Jul 12, 2017
I had a weird experience the night before last. I went to bed with my right Achilles feeling as it had all day – a little sore when walking or running, but otherwise painless. But I awoke during the night with it aching really badly. It was enough to stop me from sleeping for an hour more. When I got up in the morning I could hardly walk. Luckily, running wasn’t too bad, as long as I ran really slowly. However, I was hobbling just to walk.
Then, this morning I got up and it was virtually back to normal. I still took it easy today while running, but it wasn’t much of a problem at all. I have no idea what happened. Injuries these days are much harder to work out. It used to be easy to evaluate why I had soreness and pain. Now it tends to be a mystery.
I’m a bit sick of writing about injuries, so I’ve decided to take up where I left off in describing the Big Red Run. I managed to post about the first two days of racing (if you want to read these, go back to the posts of June 24/25), before a lack of internet reception precluded me reporting on the remaining days. So, for the next few posts, I’ll write about those missing days. Firstly, Day 3.
Like the first two days of marathons (a 4:59 over very difficult terrain, followed by a bit easier 4:29, both resulting in a 4th place finish), the third day was also a marathon distance – 42.2 km – and also run over really difficult terrain. However, I nearly didn’t make it to the starting line. The night after the second marathon I woke during the night feeling really ill. A strong sense of nausea, a bad headache (I rarely ever have headaches – probably less than ten in my whole life), a feeling like a knife was stabbing into my chest, and aches in all my joints. I didn’t see any chance of me running in the morning. I was even making contingency plans for how I could get home.
However, by the time I awoke I was feeling slightly better, so I decided to give it a go. I started slowly and took it easy. I think I was in about 20th place after a few kilometres. But by 15 km I had made my way through the field and up to 4th place again. Then the real battles began.
I had just passed Sarah Foster (the eventual womens’ winner) and Ian Westaway to reach this position. Very soon after, both of them passed me again and went ahead. I then got to Sarah a few kilometres later and went ahead of her once more. But Ian was way ahead. On a flat stretch of dirt track, Sarah caught me again. By this stage we were about 5 km from the finish.
The terrain again became really tough, and Sarah and I caught Ian, gradually pulling ahead. Then we had to run along the top of a sand dune again. I guess this must have favoured me, as I slowly inched in front of Sarah, maintaining my 4th place to the finish line. The three of us finished within minutes of each other, pretty well exhausted, but really pleased to have had such a monumental battle. There were hugs all round.
The strange thing was, though, I felt really good after having run, with no signs at all of the sickness from the night before. I assume it was a weird reaction to the highly unusual lifestyle and diet (dehydrated food) of the previous couple of days. After that third day, however, I felt quite good for the remainder of the race, though increasingly fatigued, of course.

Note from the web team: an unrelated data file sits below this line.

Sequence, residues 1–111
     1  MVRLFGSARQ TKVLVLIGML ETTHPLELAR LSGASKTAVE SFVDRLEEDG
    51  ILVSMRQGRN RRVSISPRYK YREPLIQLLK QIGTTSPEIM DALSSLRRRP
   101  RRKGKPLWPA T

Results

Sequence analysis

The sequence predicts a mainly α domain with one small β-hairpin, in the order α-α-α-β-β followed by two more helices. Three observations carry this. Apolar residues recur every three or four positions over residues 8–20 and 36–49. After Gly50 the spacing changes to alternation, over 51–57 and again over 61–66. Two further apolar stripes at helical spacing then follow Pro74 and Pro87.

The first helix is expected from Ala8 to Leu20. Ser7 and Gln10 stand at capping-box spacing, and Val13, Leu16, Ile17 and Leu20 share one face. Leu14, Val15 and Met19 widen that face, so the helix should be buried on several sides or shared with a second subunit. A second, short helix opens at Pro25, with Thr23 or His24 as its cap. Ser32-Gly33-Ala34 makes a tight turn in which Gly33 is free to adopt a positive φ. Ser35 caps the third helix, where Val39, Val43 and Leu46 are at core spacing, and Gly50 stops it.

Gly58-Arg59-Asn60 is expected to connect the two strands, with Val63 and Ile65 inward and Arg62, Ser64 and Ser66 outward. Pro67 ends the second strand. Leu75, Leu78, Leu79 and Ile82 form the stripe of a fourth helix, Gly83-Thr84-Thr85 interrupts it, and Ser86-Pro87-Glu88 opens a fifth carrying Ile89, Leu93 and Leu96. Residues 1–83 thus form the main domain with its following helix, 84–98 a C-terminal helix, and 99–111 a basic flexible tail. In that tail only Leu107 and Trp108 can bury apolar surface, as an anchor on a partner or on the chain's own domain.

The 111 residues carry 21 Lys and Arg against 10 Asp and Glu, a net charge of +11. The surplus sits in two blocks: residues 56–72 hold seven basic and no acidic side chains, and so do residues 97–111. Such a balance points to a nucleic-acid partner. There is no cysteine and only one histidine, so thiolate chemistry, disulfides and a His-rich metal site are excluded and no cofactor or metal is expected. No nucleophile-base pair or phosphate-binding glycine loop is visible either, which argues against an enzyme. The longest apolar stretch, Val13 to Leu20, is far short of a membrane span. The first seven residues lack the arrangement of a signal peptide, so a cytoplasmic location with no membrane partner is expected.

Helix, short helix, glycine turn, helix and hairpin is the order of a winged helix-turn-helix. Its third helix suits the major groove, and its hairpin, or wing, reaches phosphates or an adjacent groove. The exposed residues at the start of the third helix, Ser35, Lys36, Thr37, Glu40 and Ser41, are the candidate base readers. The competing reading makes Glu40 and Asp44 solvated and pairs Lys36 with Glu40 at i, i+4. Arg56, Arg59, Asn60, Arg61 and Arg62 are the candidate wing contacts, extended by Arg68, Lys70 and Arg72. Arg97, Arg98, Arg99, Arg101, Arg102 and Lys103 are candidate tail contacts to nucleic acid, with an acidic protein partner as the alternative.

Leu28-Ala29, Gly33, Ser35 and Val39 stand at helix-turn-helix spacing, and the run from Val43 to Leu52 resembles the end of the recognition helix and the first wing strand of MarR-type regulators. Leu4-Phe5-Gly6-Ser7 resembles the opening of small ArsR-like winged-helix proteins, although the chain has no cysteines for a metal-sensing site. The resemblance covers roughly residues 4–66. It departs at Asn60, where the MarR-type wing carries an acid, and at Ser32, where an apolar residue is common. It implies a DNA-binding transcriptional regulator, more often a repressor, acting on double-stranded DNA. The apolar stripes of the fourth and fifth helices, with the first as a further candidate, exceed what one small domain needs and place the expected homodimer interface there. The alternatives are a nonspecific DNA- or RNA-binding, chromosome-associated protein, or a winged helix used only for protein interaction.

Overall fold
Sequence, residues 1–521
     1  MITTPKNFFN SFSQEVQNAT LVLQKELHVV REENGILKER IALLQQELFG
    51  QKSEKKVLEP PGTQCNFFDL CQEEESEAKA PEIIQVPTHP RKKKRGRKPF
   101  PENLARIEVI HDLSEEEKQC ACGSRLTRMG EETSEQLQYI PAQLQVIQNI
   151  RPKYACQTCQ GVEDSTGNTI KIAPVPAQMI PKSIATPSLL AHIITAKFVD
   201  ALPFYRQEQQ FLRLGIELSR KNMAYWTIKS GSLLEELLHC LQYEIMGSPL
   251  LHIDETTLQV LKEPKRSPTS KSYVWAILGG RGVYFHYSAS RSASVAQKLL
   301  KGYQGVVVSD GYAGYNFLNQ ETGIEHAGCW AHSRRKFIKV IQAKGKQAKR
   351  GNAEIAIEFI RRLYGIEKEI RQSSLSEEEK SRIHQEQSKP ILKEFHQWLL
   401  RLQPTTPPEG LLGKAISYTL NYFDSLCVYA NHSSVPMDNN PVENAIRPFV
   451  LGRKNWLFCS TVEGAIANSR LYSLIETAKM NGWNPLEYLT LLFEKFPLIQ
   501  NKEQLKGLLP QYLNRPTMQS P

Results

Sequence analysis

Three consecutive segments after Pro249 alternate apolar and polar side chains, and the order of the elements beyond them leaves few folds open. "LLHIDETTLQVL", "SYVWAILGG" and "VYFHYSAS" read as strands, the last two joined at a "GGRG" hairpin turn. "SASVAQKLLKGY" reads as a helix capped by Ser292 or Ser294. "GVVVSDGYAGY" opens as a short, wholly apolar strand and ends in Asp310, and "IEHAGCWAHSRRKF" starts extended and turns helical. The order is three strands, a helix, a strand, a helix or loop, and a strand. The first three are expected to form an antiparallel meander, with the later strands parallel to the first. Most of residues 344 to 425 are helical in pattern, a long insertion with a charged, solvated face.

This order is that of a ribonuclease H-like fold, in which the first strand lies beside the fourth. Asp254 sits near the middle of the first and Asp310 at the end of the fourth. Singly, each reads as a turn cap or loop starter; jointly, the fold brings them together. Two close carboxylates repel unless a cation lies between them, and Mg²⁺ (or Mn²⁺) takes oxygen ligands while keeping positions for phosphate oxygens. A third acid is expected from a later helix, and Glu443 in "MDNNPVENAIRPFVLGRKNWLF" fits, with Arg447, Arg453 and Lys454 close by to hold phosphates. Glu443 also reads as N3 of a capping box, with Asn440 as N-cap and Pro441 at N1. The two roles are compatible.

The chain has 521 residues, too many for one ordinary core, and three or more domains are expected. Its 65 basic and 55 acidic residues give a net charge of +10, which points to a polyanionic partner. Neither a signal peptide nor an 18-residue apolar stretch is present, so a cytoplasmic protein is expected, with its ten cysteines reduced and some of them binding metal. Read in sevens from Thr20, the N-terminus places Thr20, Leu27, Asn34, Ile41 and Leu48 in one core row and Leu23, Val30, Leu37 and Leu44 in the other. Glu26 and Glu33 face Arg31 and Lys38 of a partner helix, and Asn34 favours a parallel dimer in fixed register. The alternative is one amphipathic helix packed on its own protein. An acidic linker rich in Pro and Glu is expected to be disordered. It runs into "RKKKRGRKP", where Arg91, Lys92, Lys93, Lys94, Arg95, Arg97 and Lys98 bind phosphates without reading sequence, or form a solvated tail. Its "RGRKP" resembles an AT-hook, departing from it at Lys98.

Stay tuned for further instalments – the battles with Sarah and Ian continued in subsequent races. BTW, the three who finished in front of me over these first three marathons were the same three guys each time – Timmy, Mick, and Helmut.
To conclude, here’s another photo from my run around the world. This was taken in Santa Barbara, where we stayed with Libby’s nephew, his wife, son, and Buster the dog. I enjoyed wrestling with Buster for his toys, in this case, a set of rubber rings. It was a great way to relax after running all day.
On This Day
Jul 12, 2012
Distance today = 50.79 km; Total distance = 9156.33 km; Location = Port Washington, Wisconsin – 43 23.247′ N, 87 52.185′ W; Start time = 0844 Finish time = 1703
I headed off down the west coast of Lake Michigan this morning. The past several days have seen perfect summer weather, and today was a carbon copy. The light breeze meant the surface of the lake was, if not like a sheet of glass, then at least like one with a few blemishes and imperfections.
It was a very pleasant day of running, although without incident. I finished in the very pictureque and historic town of Port Washington. It’s easy to believe you’re on the ocean in this town.
Today’s question and answer is one almost always asked by journalists – “Why are you doing this?”: My standard answer if four-fold. When I first thought about running around the world, it was because I was excited by the adventure. Quite simply, I thought it would be a great way to see the world. I then decided it would also be an ideal way to raise money for charity, and Oxfam was the perfect candidate. Thirdly, since there’s nothing special about my ability to pull off something like this, I’m hoping to inspire others to experience their own adventure – a walk across the state, a cycle trip from one city to another, whatever interests you. Finally, as many pointed out, I may as well look at setting a record. Now, that’s easier said than done but, as it turned out, there was no existing record for the Fastest Circumnavigation of the World on Foot, so I thought I’d have a go. I want to point out, however, that, if I am successful, I will not be the first to run around the world, simply the fastest. Jesper Olsen has already successfully run around the world (twice), and Tony Mangan is currently involved in a very comprehensive world run that includes North and South America, top to bottom.
So, they’re the four reasons: adventure, charity, inspiring others, and record setting.